DB0072 - Building on Employment Interests in Disability Studies

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SYNOPSIS OF MODULE

This module provides the opportunity to study in depth the work of professionals with particular groups of disabled people. Consideration will be given to the growth of professionalisation of society: the medicalisation of problems and solutions; professional models – medical models, normalisation, and educational models; professional ideologies of need, normality and independence. The module will include some lecture sessions, but will mainly involve group work. Students will be encouraged with the support of ex students and a series of professionals (some of whom being disabled) into considering their future employment options. Students will select one group of professionals (health, social or education) to study in depth roles and responsibilities, and strategies of assessment and intervention, or one form of impairment to study provision of support. Assessment will be through group presentations and individual written assignments.

Participation on guidance and enhancement weeks will aid the development of personal and study skills.

INDICATIVE READING LIST OR OTHER LEARNING RESOURCES

Barnes, C. and Mercer, G. (ed) (2004) Disability Policy and Practice: Applying The Social Model. Leeds: The Disability Press

Barnes, C. and Mercer, G. (ed) (2004) Implementing the Social Model of Disability: Theory and Research. Leeds: The Disability Press

Corker, M. (1998) Deaf and Disabled, or Deafness Disabled? Milton Keynes: Open University Press

Sim, F. and French, S. (ed) (in press) Physiotherapy: A psychosocial approach. 3rd edn. Oxford: Butterworth-Heinemann

French, S. and Swain, J. (2008) Understanding Disability: A Guide For Health Professionals. Edinburgh: Churchill Livingstone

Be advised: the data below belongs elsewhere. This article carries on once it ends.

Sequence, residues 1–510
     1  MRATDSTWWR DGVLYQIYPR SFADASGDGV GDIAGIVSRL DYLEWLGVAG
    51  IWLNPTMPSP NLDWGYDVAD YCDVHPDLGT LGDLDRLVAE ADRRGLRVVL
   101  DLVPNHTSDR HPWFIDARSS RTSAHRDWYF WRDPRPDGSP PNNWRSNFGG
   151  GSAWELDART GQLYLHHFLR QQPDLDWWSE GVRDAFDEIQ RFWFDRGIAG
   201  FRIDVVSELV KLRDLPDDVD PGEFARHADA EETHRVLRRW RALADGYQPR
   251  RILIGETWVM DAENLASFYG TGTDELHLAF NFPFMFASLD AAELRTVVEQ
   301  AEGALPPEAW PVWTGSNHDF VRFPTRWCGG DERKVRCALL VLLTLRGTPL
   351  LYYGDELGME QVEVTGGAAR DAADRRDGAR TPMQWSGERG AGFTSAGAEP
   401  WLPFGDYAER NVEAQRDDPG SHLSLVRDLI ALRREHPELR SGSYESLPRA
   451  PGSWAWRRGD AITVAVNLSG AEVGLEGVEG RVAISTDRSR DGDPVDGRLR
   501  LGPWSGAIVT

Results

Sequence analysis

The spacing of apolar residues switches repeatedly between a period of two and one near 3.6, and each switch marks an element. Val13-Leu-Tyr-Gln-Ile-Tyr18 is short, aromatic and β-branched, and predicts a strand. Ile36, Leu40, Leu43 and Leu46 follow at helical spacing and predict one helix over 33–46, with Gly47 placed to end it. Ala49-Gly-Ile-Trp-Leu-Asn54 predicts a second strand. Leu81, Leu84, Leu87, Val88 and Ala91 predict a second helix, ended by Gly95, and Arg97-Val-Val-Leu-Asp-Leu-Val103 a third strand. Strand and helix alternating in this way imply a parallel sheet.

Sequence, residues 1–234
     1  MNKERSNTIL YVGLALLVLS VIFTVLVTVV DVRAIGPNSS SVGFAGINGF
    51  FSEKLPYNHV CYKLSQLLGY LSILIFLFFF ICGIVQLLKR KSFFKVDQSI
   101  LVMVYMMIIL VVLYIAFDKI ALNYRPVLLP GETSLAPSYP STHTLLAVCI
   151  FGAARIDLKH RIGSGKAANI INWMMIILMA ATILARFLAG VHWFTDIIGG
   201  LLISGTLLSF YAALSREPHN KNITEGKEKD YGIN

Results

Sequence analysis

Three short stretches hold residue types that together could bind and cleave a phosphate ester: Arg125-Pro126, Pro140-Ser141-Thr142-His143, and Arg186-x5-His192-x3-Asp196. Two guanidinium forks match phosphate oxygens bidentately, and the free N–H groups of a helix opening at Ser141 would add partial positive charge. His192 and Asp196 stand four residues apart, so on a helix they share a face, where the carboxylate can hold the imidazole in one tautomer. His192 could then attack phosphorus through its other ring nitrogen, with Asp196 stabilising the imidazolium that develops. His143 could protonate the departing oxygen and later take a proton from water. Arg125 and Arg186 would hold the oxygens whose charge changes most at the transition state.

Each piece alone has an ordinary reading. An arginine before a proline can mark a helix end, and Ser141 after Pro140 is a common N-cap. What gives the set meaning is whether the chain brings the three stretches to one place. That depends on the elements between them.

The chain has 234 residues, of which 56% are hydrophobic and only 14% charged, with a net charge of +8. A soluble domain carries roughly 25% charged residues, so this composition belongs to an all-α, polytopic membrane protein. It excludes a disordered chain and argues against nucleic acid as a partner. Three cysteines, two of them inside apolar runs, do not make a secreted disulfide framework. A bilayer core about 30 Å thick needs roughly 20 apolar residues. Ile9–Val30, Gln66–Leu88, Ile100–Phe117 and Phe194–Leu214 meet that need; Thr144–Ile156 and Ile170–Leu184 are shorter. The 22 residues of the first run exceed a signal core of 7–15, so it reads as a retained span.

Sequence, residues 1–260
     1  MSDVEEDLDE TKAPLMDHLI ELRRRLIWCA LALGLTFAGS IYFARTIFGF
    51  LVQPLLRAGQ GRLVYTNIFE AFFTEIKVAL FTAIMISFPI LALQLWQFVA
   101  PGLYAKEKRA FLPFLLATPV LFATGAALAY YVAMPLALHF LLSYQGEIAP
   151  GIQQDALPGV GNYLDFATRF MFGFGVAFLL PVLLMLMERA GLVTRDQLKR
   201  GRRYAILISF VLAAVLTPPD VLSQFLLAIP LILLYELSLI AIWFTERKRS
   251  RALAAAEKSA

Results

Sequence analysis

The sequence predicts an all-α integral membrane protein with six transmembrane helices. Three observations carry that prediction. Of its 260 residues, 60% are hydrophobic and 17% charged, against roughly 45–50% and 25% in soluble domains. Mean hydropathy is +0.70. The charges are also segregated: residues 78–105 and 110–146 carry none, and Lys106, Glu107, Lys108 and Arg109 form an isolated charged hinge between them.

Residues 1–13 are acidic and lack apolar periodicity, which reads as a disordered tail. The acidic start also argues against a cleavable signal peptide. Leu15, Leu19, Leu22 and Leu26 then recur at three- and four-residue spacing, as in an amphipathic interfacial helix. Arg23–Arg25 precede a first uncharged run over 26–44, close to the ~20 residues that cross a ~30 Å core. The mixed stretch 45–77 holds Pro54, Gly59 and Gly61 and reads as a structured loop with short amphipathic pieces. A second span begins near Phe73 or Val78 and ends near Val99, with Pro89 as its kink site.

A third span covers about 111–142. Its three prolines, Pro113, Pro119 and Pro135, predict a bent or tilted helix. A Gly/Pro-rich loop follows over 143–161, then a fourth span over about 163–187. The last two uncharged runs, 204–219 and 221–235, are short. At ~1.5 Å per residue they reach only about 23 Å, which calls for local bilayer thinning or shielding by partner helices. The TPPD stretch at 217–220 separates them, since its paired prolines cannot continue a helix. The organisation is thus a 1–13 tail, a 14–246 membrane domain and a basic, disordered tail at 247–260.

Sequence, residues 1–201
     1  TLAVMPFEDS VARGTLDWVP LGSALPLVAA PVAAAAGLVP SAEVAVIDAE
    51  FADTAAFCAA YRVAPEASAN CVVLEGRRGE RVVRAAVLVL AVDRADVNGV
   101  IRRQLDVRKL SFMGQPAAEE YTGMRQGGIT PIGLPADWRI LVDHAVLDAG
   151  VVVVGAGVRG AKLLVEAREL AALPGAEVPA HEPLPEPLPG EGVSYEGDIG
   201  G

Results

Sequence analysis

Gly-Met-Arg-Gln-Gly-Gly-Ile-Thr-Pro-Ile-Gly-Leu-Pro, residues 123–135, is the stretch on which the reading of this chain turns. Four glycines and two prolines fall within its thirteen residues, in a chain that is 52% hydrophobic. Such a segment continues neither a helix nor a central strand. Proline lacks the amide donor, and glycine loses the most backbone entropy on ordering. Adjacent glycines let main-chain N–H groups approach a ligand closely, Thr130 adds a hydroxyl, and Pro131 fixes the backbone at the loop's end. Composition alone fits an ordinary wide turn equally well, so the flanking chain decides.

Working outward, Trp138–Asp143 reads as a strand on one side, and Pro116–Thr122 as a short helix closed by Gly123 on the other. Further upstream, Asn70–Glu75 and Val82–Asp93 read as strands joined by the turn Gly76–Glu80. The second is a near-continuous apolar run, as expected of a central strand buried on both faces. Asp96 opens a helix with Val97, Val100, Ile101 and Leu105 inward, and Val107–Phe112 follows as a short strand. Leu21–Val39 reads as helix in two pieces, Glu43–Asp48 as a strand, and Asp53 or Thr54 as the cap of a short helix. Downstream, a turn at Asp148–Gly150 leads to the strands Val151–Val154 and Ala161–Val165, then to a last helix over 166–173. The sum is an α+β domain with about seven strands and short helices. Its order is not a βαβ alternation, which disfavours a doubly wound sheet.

French, S. and Swain, J. (1997) From A Different Viewpoint: The lives and experiences of visually impaired people. Worcestershire: RNIB

French, S. and Swain, J. (2001) The Relationship Between Disabled People And Health And Welfare Professionals, in Albrecht, G. L. (ed) Handbook of Disability Studies. London: Sage.

French, S., Gillman, M. and Swain, J. (1997) Working With Visually Disabled People: Bridging Theory And Practice. London: Venture Press.

Glasby, J. (2007) Understanding Health and Social Care. Bristol: The Policy Press

Hammell, K. W. (2006) Perspectives on Disability and Rehabilitation. Edinburgh: Churchill Livingstone

Oliver, M. (ed) (1991) Social Work: Disabled People and Disabling Environments. London: Kingsley Press.

Swain, J., Clark, J., Parry, K., French, S. and Reynolds, F. (2004) Enabling
Relationships in Health and Social Care. Oxford: Butterworth-Heinemann.

Journals:
Recent and relevant journal articles from, for example, Disability and Society.

Website:
Leeds University Disability Archive

OUTLINE SYLLABUS

• The growth of professionalisation of society: professional models and ideologies. The medicalisation of problems and solutions; professional models - medical models, normalisation, and educational models; professional ideologies of need, normality and independence.
• The work of different professionals in working with disabled people: roles and responsibilities, and strategies of assessment and intervention.